Tinker – who is chairman of the Switch Energy Alliance, which creates free, non-partisan, film-based resources to help students learn about energy – said there is a two-way street on which shale, the country’s energy prospects, its economic outlook and politics all travel.
“Politics, especially regulation and trade agreements, play a role for sure,” he said, especially because the United States has led the world in shale.
“Too much regulation and heavy tariffs drive costs up. Too little regulation risks environmental impacts,” Tinker added.
That story is well known. This one perhaps not as much.
“But the shale story is global, and other major oil and gas regions – the Middle East, Russia, South America – are now beginning to quietly examine their unconventional reservoirs,” he said.
Benefits of Shale
Tinker is convinced, as one might expect, that the benefits of shale – perhaps the most conventional of the unconventional – outweigh the negatives.
“Natural gas from frac’ing is replacing coal for power generation, thus lowering CO2, sulphur, nitrogen, particulate and mercury emissions. It is also used in the power plants to backup intermittent wind and solar power generation,” he noted.
He said the data on fracturing – economic, security and environmental – of oil and natural gas are all generally positive.
“Affordable, available and reliable oil and natural gas underpin healthy economies allowing for environmental investment; are needed to lift emerging economies from poverty; and provide energy security to many developed and developing nations,” he said.
That topic – energy poverty – is the subject of Tinker’s next film, “Switch On.”
There’s no panacea out there, Tinker reminds us. There never has been. In the industry, there have always been trade-offs on environmental, energy and economic matters, depending, in part, on whether you’re talking about governments, NGOs or industries.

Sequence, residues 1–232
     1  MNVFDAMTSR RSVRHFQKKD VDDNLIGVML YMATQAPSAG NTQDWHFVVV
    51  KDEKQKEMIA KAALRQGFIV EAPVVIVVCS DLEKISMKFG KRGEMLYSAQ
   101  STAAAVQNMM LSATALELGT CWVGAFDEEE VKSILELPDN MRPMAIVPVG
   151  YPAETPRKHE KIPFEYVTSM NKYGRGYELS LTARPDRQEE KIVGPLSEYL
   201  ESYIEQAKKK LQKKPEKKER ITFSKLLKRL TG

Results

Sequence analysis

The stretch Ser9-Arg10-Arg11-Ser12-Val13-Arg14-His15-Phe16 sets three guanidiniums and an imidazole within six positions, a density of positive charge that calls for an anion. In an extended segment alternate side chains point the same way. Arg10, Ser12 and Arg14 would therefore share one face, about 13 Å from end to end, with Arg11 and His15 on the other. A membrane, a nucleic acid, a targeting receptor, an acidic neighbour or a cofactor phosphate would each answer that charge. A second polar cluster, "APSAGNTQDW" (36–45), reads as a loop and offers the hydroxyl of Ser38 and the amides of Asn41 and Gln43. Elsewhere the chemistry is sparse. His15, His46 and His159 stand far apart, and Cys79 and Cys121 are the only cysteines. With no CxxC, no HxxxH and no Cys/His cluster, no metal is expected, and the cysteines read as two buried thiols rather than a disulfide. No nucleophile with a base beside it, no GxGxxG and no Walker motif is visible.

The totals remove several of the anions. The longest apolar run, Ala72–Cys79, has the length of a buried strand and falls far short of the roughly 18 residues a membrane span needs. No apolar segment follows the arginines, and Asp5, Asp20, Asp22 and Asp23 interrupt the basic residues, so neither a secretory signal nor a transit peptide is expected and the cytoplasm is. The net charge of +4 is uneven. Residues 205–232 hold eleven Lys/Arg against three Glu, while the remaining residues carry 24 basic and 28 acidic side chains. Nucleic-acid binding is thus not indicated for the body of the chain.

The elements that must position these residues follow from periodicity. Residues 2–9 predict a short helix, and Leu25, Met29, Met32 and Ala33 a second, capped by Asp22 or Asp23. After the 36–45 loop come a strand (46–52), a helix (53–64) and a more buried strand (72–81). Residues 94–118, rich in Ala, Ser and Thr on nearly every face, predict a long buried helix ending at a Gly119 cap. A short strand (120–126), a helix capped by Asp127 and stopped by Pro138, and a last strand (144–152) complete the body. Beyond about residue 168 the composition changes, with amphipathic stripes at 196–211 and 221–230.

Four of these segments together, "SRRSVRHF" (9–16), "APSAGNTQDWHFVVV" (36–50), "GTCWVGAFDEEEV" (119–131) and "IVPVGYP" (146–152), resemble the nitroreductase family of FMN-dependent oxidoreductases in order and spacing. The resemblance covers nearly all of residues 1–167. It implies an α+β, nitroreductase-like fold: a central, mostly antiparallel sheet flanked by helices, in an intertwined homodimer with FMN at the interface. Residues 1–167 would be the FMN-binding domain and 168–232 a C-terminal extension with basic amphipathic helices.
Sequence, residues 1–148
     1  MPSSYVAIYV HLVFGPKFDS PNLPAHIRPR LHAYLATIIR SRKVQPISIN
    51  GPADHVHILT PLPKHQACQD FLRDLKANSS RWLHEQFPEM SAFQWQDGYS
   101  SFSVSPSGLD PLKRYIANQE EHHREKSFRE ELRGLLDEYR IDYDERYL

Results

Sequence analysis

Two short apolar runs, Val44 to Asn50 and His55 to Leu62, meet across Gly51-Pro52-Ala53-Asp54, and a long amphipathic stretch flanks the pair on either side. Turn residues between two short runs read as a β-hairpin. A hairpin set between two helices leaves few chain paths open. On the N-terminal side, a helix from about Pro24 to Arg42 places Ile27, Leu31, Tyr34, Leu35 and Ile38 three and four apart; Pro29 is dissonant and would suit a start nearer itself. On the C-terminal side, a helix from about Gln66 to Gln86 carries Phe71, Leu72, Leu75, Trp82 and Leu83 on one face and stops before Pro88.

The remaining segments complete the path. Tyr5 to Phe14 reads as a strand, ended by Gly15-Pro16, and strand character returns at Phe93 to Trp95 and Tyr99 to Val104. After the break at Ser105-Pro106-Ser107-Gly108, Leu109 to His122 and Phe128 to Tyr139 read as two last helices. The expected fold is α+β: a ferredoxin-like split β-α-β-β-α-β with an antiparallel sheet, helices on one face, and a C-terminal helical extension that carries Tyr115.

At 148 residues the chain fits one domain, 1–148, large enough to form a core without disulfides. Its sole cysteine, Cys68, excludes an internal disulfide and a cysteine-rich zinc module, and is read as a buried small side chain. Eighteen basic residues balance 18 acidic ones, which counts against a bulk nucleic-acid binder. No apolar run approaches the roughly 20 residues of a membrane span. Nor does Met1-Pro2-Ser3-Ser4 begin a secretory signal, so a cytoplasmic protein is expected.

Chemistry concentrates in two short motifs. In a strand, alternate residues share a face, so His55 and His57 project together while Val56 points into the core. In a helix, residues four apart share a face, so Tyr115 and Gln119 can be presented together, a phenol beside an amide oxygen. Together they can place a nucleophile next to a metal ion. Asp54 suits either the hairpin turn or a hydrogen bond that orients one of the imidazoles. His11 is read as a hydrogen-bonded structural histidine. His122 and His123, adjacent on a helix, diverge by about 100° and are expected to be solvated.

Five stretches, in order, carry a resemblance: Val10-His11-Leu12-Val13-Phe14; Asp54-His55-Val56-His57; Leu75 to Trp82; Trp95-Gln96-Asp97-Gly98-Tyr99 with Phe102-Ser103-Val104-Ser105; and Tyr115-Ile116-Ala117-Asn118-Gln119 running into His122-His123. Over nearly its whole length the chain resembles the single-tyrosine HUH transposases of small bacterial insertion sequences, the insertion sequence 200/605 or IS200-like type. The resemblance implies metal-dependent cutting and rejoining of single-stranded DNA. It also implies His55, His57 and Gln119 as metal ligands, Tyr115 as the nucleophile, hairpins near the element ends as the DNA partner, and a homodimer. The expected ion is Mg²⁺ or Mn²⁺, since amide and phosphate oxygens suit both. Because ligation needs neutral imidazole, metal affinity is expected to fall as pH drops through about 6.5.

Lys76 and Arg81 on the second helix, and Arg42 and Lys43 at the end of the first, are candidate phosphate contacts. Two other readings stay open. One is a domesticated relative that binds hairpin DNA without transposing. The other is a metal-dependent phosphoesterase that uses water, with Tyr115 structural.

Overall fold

Who’s in? Who’s out?
“As with all things, those that have the resource are mostly in, and those who aren’t, don’t. But on top of that we layer politics. Development of oil and gas, and coal, tends to be resisted more by ‘progressives,’” (and he said that politicians have to follow the wishes of their voter base), “and by non-oil and gas industries who compete for market share, like electric vehicles, biofuels, geothermal, solar and wind,” Tinker explained.
It is a resistance he said that has many layers.
“This resistance is often couched in environmental terms, mostly climate change, but runs deeper philosophically for some,” he added.
The dynamic going forward is, in a sense, as its always been.
“The future for oil and gas is mostly a technology and demand story. Will technology keep the cost of oil down so that gasoline, diesel and jet fuel can compete in the transportation markets? And keep the price of natural gas down so that it can compete in the power generation, and potentially transportation (CNG, LNG, fuel cells) markets?” Tinker pondered.
As exciting as the time is for unconventional energy sources, including shale, there is still the reality.
Let’s call it maturity.
“And a little told story is the coming environmental impacts of large scale wind, solar and battery development: from mining, to manufacturing, to transmission, to disposal. Nothing in energy, at scale, comes without environmental cost,” he added.